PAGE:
SINGAPORE – An e-book on the last will of the late founding prime minister Lee Kuan Yew came under the spotlight in a written reply by Senior Minister Teo Chee Hean in Parliament on Thursday.
Mr Zhulkarnain Abdul Rahim (Chua Chu Kang GRC) had asked Mr Teo about the accuracy of the contents of the e-book, The Battle Over Lee Kuan Yew’s Last Will, published online in July 2022 by the team behind digital magazine Jom.
Mr Sudhir Thomas Vadaketh, the author, had described the e-book as “the product of over a year’s worth of research” in an essay, but Mr Teo on Thursday cast doubt on the claim and described the e-book as an attempt “to rewrite the facts”.
In response to the criticism, Mr Thomas said Mr Teo’s objection to the e-book’s conclusions stemmed from the fact that it was critical of Mr Teo’s actions as head of the ministerial committee tasked to look into the matter involving the late Mr Lee’s house at 38 Oxley Road.
“And, as the head of the (ministerial committee), he may feel that our argument is critical of his actions – and, in that, a rare instance in this whole episode, he would be correct,” Mr Thomas told The Straits Times.
The senior minister told Parliament the e-book “totally ignores the facts and findings which had been established, after an objective and thorough examination of the case, by the Court of Three Judges in November 2020 and a disciplinary tribunal in February 2020”.
“It is clear that the assertions in his book are calculated to mislead, as they are completely at odds with the findings and conclusions of the Court of Three Judges and the disciplinary tribunal.”
The tribunal and the court had been tasked to look into whether Mrs Lee Suet Fern, a senior lawyer and wife of the late Mr Lee’s younger son Lee Hsien Yang, had been guilty of misconduct over her role in preparing the will, and had heard from both of them. Mrs Lee was eventually found guilty of misconduct by both the tribunal and the court. They also found that the couple had misled the late Mr Lee and had lied under oath.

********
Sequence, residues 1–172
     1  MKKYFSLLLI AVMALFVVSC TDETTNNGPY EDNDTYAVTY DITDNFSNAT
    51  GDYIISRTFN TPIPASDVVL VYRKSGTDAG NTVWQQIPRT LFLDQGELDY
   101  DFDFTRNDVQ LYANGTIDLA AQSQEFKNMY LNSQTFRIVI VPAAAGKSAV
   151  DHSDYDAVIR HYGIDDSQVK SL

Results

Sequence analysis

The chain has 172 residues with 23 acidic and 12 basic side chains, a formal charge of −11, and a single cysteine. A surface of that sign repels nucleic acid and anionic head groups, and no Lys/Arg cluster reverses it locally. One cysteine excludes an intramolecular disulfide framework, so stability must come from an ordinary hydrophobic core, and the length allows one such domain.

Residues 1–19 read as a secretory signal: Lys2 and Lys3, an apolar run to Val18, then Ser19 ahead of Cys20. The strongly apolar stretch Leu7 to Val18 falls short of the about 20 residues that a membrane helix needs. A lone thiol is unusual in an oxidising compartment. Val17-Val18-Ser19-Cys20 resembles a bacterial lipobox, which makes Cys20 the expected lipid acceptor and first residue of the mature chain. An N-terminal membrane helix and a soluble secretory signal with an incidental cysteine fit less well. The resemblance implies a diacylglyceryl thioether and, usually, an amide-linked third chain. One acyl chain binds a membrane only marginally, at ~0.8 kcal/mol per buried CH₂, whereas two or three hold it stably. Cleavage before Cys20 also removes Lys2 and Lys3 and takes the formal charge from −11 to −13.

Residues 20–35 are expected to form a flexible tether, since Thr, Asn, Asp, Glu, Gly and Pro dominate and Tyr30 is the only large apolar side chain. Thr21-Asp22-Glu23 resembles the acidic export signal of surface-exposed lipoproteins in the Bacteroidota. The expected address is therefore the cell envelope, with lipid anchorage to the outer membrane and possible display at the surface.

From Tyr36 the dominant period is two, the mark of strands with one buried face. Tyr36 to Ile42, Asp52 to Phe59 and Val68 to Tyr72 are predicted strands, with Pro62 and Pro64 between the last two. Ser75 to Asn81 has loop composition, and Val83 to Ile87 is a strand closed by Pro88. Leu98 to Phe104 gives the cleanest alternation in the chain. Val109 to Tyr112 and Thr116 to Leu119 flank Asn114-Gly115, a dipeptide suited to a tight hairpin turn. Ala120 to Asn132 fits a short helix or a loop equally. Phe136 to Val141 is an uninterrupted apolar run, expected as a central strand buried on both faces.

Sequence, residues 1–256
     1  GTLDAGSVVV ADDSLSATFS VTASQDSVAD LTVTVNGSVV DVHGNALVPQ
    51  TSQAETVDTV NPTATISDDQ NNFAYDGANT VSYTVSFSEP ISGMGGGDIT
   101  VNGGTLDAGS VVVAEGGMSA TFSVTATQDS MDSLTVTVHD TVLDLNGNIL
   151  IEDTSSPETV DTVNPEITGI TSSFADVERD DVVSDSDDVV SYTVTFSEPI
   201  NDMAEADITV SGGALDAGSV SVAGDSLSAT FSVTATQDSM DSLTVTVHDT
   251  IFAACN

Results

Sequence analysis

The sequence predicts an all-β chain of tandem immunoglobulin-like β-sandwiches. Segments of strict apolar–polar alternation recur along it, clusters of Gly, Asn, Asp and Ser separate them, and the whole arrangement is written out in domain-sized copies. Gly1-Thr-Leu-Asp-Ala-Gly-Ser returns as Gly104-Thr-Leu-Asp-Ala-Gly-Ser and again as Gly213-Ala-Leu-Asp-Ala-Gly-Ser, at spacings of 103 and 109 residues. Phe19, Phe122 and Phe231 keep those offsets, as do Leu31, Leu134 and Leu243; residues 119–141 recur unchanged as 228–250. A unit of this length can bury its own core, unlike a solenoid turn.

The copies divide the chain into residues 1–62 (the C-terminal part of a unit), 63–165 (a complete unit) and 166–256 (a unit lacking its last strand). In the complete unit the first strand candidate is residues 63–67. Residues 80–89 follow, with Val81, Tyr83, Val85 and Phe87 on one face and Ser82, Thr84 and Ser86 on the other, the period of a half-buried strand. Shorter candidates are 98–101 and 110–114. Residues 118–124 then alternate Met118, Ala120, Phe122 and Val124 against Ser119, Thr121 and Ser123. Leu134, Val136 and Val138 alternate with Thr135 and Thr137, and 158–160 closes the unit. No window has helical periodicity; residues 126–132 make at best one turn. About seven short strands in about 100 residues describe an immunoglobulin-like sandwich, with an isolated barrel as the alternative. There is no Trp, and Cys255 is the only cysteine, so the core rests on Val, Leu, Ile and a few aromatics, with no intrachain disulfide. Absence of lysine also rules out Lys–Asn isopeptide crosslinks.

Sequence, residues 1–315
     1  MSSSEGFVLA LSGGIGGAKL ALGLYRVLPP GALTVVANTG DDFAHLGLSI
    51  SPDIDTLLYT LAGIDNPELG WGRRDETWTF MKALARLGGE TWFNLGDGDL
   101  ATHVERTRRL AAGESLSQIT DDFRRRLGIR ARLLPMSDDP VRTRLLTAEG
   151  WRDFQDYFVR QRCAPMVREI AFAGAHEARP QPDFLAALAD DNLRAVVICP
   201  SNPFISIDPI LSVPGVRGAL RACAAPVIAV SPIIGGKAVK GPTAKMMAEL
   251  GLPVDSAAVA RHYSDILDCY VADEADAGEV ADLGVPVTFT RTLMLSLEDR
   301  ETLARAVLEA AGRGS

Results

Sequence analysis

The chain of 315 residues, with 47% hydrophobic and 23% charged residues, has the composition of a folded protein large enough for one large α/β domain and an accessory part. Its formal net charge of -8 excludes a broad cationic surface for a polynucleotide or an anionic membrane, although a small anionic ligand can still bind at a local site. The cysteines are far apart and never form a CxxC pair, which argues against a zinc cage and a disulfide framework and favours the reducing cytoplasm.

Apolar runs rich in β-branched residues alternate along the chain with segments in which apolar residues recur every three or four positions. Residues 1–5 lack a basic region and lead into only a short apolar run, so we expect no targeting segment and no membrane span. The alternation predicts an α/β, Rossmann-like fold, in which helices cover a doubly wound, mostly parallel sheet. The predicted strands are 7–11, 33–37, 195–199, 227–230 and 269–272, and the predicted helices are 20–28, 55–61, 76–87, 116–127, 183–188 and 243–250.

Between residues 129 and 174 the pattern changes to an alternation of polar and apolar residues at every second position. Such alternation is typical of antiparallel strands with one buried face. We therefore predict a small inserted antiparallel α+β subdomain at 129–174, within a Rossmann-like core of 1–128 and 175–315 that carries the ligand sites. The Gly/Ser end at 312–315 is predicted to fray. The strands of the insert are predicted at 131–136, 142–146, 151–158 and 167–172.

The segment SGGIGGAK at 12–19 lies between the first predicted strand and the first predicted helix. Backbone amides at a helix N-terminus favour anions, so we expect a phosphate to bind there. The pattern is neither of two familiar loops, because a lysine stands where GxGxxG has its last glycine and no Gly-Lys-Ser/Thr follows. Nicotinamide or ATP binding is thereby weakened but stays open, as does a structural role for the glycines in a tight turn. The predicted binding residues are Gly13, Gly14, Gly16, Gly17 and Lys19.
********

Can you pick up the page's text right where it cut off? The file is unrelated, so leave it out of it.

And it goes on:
On Thursday, Mr Teo issued an annex detailing five broad areas in which the e-book was inaccurate. The annex compared parts of the e-book against parts of the tribunal’s report and the court’s decision.
But Mr Thomas said in his reply, which he also posted on his blog, that the annex had omitted some salient facts, and urged readers to read his book themselves.
He cited two examples. For instance, the annex stated that he had ignored findings by the court and tribunal and “the admissions made by (Mr Lee and Mrs Lee)“, but pages 28 to 29 of the e-book, in fact, lay out the court’s findings, including the alleged inaccuracies offered by the couple, he said.
According to the annex, the e-book also stated that the last will was based on the late Mr Lee’s orders and thus suggests he had made a conscious decision to include the demolition clause in his last will, added Mr Thomas.
But he said he had stated clearly on page 20 of the e-book that “there is no record of (Lee Kuan Yew) having asked anybody for the clause to be reinserted in the seventh and last will”.
Here are some of the discrepancies outlined by the annex:
1. Mrs Lee Suet Fern and Mr Lee Hsien Yang have not been cleared of all impropriety